The defendants also argued that the trial judge erred in instructing the jury that they could convict the defendants based on acts Percoco committed in 2014, when he was not a public official but rather a private citizen employed by Andrew Cuomo’s re-election campaign. The district court instructed the jury that they could convict based Percoco’s actions as a private citizen so long as “he dominated and controlled any governmental business,” and (2) “people working in the government actually relied on him because of a special relationship he had with the government.” The Court found no error in these instructions. It relied on United States v. Margiotta, 688 F.2d 108 (2d Cir. 1982), in which the Second Circuit held that a defendant does not need a formal employment relationship to be a “public official” for purposes of honest services fraud. It is enough that a defendant “dominate” a government function to trigger a fiduciary duty to the public. The Court further rejected an argument that subsequent decisions altered the outcome. Although Margiotta was overruled by McNally, has been criticized by other courts, and preceded enactment of the honest services fraud statute, the Court still found it pertinent to its decision and further found no reason to exempt from the statute those who control government functions without being formally employed by the state.
The Court’s decisions are consistent with its march towards an ever-increasing scope of the federal fraud statutes. Prosecutors in the Second Circuit have continually pushed the boundaries of the statutes—blurring the line between basic state corruption offenses and federal fraud crimes. This case nicely exemplifies the lengths to which prosecutors (with the Court’s blessing) have gone to expand the plain meaning of the fraud statutes in order to affirm fraud convictions.
Perhaps the most interesting issue in the case is one the Court spent little time addressing—as it was constrained by Circuit precedent. While there is no question that the defendants charged in the Bid Rigging Scheme (Kaloyeros, Aiello, Gerardi, and Ciminelli) acted inappropriately and in a way that conforms to the worst public perception of corruption in New York State politics, their convictions for federal wire fraud still raise serious questions. After all, Kaloyeros did not take any money or property from New York state. According to the government, the benefit he obtained was Howe’s assistance in separating CNSE from the University of Albany and becoming president of the newly independent university. Nor was there any evidence that the government received a bad deal when it awarded contracts to Cor Development and LPCiminelli. The government never suggested that those companies failed to perform the contracts they negotiated with Schuyler, nor that the defendants interfered in those negotiations. Only by relying on the “right to control” doctrine was the government able to obtain convictions against these defendants.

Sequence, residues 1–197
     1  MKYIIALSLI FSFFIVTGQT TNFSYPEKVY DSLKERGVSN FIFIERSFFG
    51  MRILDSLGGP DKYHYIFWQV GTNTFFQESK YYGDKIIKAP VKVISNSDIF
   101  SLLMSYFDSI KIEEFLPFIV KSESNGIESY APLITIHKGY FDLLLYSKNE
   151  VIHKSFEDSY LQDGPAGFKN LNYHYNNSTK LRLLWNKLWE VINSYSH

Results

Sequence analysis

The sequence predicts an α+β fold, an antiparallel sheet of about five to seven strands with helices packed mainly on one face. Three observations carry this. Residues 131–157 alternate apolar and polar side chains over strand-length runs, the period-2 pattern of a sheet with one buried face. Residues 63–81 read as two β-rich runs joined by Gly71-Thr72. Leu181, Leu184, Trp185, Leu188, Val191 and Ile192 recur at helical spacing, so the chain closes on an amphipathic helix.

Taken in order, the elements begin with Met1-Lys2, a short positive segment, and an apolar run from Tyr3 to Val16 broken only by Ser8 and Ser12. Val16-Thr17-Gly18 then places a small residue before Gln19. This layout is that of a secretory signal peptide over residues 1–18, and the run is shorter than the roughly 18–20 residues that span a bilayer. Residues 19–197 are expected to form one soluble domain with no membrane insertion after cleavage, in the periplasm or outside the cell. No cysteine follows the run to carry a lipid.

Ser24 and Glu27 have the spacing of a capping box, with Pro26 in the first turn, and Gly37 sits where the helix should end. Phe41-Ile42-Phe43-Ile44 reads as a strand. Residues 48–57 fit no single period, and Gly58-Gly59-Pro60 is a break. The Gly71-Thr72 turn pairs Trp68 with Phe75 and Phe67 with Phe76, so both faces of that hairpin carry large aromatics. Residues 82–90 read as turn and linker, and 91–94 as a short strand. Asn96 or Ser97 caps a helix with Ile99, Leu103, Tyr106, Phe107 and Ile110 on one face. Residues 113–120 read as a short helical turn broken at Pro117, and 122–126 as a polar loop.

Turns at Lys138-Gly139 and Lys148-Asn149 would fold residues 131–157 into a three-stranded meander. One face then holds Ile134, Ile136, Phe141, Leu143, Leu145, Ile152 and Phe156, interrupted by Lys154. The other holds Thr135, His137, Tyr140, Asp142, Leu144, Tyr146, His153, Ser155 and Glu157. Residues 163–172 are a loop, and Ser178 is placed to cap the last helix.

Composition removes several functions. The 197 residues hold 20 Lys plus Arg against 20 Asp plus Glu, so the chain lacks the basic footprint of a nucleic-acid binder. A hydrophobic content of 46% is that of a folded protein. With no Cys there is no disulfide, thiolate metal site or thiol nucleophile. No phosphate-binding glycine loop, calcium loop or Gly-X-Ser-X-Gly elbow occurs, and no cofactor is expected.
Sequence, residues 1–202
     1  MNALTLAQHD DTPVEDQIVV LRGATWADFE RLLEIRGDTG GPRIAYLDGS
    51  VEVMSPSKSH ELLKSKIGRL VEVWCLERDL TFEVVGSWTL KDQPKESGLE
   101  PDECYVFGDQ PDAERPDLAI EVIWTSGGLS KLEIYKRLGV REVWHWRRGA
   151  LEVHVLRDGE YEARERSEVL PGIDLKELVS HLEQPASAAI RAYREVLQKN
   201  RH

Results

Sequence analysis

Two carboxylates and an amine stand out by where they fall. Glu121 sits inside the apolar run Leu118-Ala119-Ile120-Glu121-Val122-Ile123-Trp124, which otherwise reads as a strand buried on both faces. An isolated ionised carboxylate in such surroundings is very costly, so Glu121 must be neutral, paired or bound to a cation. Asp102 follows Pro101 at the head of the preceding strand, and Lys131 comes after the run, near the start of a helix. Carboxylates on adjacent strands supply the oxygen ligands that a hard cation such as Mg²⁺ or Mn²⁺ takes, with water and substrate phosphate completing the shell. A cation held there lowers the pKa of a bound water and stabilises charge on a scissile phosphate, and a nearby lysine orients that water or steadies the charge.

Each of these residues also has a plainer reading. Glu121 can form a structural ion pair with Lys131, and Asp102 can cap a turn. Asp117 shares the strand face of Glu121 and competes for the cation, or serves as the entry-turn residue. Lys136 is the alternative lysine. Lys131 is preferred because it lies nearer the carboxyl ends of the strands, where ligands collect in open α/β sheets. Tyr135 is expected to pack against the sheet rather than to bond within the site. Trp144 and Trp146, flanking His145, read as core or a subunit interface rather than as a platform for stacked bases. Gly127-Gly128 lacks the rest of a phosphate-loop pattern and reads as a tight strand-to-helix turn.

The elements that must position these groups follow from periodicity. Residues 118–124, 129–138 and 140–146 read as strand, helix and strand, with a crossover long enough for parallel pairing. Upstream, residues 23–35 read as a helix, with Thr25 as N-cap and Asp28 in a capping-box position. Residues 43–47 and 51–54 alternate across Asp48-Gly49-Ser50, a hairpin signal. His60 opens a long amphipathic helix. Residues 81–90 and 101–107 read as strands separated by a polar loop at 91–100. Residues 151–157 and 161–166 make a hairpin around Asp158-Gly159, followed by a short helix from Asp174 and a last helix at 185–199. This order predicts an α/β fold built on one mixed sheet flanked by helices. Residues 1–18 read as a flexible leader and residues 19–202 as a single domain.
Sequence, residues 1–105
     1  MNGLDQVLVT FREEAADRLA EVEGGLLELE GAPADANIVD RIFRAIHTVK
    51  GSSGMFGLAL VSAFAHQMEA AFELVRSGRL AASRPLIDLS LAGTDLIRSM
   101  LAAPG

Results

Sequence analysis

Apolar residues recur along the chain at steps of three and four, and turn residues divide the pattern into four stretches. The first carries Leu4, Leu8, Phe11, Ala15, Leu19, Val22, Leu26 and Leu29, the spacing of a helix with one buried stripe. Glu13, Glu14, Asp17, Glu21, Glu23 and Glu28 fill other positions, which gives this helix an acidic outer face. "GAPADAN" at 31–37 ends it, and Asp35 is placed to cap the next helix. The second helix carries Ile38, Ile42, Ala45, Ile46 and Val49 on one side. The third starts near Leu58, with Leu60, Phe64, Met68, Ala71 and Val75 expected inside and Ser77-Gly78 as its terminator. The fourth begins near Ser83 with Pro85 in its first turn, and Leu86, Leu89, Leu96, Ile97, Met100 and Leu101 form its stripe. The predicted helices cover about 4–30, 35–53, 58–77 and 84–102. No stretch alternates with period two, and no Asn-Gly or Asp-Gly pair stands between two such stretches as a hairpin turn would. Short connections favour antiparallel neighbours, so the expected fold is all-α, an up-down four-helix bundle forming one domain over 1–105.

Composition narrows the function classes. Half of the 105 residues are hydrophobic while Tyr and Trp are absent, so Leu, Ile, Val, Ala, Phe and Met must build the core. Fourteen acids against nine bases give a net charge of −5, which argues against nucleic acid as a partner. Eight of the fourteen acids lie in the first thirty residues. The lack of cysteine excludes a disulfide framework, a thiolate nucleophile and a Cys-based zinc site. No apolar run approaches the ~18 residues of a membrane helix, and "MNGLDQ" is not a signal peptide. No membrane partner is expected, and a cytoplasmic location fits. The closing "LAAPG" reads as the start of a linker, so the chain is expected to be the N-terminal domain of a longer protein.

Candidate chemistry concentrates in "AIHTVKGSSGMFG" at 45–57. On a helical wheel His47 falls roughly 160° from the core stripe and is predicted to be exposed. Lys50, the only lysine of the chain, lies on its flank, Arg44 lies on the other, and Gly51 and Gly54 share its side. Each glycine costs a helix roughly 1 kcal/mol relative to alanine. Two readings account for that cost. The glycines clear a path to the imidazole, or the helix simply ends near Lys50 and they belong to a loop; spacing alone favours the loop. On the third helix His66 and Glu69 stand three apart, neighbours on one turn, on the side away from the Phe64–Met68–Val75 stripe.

It is difficult to square the Second Circuit’s expansive “right to control” doctrine with Supreme Court precedent. Since McNally, the Supreme Court has repeatedly held that the federal mail and wire fraud statues are implicated only where the defendant’s scheme is aimed at obtaining money or property. For example, in Cleveland v. United States, 531 U.S. 12 (2000), the Supreme Court considered a defendant who submitted false applications for government licenses. The government argued that the defendant had deprived the government of the “right to control” the issuance of licenses. The Supreme Court unanimously reversed the conviction, holding that “the right to control the issuance of licenses” is a regulatory power, not property that could be obtained by the defendant. More recently in, Kelly v. United States, 140 S. Ct. 1565, the Supreme Court overturned the convictions of defendants who were involved in a scheme to realign the lanes of the George Washington Bridge as retribution to political enemies of then-New Jersey governor Chris Christie. The Supreme Court held that the Port Authority’s right to control the “time and labor of its employees” was not “property” that the defendants obtained. At heart, the principle was perhaps best articulated in Skilling v. United States, 561 U.S. 358 (2010), where the Supreme Court said that “the victim’s loss of money or property” and the defendants’ gain of such property must be “the mirror image of the other.” In other words, the property lost by the victim must be the same property obtained by the defendant (or a co-conspirator of the defendant).